Can we accept those who are different? | Church Corner

On a typically cold Russian winter day, I sit in an old, rickety folding chair, mesmerized by a large, distinguished gentleman named Vladimir. He speaks to 10 fellow Russian educators and me about why he came to this conference, Jesus Christ and Ethics for the Secular Classroom. Vladimir is a science teacher with a doctorate, instructor of atheistic communism for more than 40 years and a lifelong member of the Communist Party. He had come to the conclusion that he had taught and lived a lie.

Dan Duncan serves at the Hillside Community Church.

On a typically cold Russian winter day, I sit in an old, rickety folding chair, mesmerized by a large, distinguished gentleman named Vladimir. He speaks to 10 fellow Russian educators and me about why he came to this conference, Jesus Christ and Ethics for the Secular Classroom. Vladimir is a science teacher with a doctorate, instructor of atheistic communism for more than 40 years and a lifelong member of the Communist Party. He had come to the conclusion that he had taught and lived a lie. Vladimir, after this eye-opener, asked, “Is there truth?” and if so, “would it make a difference in my students’ lives?”

So, how did I, an American pastor and educator, come to be sitting in that chair? It started in 1989 when the Soviet Politburo commissioned a study on the effects of the Ten Commandments on society. In looking at societies that “worked” they found a common denominator, a Judeo-Christian ethic (whatever that means?), but the point was that as historical truths would permeate a cultural system resulting in most people behaving in honest, considerate ways and yet still encouraged self-initiators as well as protect individuality.

As the communist government fell, its framework for ethics fell with it. So, Deputy Minister of Education Evgeniy Kurkin went looking for a solution to the problem he described this way: “Seventy years ago we closed God out of our country, and it has caused great caverns to run beneath our society and make it collapse. We must put God back into our country and begin with our children.”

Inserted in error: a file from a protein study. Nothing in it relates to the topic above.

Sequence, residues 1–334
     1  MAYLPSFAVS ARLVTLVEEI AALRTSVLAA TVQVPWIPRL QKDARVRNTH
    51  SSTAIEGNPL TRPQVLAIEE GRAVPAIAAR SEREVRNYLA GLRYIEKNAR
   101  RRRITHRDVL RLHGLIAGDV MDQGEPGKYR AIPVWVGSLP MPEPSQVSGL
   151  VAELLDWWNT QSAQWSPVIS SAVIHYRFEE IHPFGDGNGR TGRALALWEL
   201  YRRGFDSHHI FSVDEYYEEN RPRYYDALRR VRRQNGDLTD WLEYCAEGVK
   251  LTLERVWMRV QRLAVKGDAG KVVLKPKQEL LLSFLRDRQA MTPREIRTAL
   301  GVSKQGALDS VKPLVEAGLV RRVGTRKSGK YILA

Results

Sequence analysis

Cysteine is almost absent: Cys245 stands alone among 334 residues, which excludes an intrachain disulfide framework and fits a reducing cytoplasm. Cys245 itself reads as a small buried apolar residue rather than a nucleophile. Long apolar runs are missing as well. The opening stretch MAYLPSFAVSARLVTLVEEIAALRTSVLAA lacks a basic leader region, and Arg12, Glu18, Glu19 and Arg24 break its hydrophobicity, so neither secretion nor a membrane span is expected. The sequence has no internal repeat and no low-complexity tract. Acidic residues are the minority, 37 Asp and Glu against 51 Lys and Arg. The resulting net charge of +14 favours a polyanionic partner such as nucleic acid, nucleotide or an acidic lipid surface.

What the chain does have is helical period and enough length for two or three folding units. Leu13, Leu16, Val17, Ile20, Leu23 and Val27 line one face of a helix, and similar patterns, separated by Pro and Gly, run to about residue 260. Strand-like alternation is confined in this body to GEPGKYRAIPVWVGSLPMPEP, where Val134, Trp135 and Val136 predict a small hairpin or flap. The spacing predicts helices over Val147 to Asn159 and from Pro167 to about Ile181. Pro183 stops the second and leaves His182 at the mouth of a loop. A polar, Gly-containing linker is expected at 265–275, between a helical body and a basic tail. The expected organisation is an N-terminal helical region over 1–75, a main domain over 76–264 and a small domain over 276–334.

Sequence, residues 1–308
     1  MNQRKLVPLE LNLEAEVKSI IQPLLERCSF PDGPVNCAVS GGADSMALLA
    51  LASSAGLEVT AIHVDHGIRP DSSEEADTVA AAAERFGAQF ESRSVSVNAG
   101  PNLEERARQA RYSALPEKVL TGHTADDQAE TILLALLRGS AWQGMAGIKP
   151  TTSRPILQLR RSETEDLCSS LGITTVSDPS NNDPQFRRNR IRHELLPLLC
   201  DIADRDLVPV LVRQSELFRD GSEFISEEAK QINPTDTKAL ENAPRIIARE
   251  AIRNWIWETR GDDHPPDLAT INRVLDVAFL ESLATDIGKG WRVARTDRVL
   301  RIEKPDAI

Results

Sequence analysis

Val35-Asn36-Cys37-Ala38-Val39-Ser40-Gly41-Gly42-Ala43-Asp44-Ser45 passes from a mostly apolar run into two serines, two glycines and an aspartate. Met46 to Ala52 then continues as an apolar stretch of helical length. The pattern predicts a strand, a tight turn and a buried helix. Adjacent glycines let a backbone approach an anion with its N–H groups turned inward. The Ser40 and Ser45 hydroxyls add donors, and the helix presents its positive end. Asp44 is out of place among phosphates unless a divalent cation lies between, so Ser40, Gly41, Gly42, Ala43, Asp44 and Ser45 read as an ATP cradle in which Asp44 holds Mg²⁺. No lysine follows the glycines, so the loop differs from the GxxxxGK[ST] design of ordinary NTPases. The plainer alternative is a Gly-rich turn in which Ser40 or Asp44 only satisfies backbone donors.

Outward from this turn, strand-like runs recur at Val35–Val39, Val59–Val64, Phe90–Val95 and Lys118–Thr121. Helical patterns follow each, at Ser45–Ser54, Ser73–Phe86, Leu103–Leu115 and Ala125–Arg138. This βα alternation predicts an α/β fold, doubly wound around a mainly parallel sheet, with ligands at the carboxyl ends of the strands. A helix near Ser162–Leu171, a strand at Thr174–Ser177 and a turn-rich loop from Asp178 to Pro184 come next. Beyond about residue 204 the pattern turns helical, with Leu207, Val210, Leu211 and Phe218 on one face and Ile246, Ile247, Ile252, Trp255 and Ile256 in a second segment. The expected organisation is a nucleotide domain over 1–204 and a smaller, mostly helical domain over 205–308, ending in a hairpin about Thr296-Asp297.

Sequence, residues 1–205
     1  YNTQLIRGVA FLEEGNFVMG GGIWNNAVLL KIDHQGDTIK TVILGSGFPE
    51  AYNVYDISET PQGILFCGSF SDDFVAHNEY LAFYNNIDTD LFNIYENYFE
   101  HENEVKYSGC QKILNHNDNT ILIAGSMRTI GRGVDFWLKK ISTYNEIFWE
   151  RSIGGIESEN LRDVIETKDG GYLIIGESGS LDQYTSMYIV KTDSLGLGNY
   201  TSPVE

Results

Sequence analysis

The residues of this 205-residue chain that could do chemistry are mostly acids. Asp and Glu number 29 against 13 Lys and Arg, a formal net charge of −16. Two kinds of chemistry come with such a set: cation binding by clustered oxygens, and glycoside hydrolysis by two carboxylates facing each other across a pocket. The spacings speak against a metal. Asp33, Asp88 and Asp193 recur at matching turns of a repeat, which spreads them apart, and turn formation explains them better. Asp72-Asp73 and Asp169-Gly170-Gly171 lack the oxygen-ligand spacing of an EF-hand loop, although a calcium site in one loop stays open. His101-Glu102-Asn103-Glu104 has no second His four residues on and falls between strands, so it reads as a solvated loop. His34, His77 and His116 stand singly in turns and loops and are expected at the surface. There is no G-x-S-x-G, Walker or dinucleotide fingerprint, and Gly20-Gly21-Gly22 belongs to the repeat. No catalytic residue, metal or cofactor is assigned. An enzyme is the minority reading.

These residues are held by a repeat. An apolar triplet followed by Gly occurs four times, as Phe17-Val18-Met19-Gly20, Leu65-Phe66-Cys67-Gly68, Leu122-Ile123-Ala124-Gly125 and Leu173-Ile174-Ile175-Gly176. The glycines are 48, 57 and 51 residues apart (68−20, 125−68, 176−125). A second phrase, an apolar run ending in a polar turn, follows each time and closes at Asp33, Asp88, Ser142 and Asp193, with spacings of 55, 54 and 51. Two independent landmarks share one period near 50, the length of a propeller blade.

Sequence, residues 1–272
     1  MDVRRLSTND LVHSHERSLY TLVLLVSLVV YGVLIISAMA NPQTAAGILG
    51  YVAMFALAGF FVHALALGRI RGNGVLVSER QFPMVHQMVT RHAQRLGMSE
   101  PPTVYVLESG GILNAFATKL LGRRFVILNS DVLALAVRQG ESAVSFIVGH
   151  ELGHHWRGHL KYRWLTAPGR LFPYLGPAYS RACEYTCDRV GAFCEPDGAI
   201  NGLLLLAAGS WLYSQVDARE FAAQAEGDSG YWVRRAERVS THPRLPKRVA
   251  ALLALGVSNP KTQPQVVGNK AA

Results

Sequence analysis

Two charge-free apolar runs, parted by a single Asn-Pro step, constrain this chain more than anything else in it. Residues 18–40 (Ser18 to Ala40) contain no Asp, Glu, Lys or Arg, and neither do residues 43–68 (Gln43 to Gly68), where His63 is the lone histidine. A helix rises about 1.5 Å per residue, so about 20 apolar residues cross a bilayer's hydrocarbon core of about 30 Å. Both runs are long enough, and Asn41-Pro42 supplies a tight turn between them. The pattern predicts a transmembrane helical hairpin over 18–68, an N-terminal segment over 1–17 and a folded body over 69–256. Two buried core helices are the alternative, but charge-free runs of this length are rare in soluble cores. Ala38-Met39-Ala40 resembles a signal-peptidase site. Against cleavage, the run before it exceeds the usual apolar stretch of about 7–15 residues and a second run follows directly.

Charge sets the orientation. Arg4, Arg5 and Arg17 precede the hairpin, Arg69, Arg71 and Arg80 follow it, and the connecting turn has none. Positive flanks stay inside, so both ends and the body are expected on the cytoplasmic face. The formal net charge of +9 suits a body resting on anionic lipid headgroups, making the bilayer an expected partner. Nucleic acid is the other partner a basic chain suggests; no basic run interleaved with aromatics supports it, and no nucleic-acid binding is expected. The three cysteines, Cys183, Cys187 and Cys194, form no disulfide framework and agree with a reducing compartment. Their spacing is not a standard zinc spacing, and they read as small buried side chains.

The CoMission was the result, a collaboration of 85 Christian ministries working together with the Russian Ministry of Education. The job entailed the development of a curriculum and then sending educators from the west to introduce the material to Russian educators. In weeklong conferences, westerners and as many as 500 Russian educators a week would work in small groups handling the new curriculum and discussing educational theory.

So like the Soviet Union of old, are we closing God out of our country? Are we creating great caverns to run beneath our society which could result in its collapse? How do we create safe places for the diversity we see in individuals, while at the same time maintaining cultural norms that create healthy productive models for our society?

Kurkin saw the need and put his life on the line for the historical culture of Russia. He believed that religious culture could prompt most people to behave in honest, considerate ways. I think that would be a good thing – don’t you?

But does having a culture with a moral framework mean that there cannot be diversity? Jesus seemed pretty clear about the love and acceptance “thing.” Can we as a culture love and accept those who are different, while still maintaining cultural truths? Regardless of how you feel about spiritual things, what do we as human beings need in light of a moral framework? The Apostle Paul may have had the idea when in Romans 12:9-11a he called us to “Let love be without hypocrisy. Abhor what is evil; cling to what is good. Be devoted to one another in brotherly love; give preference to one another in honor; not lagging behind in diligence…”

 

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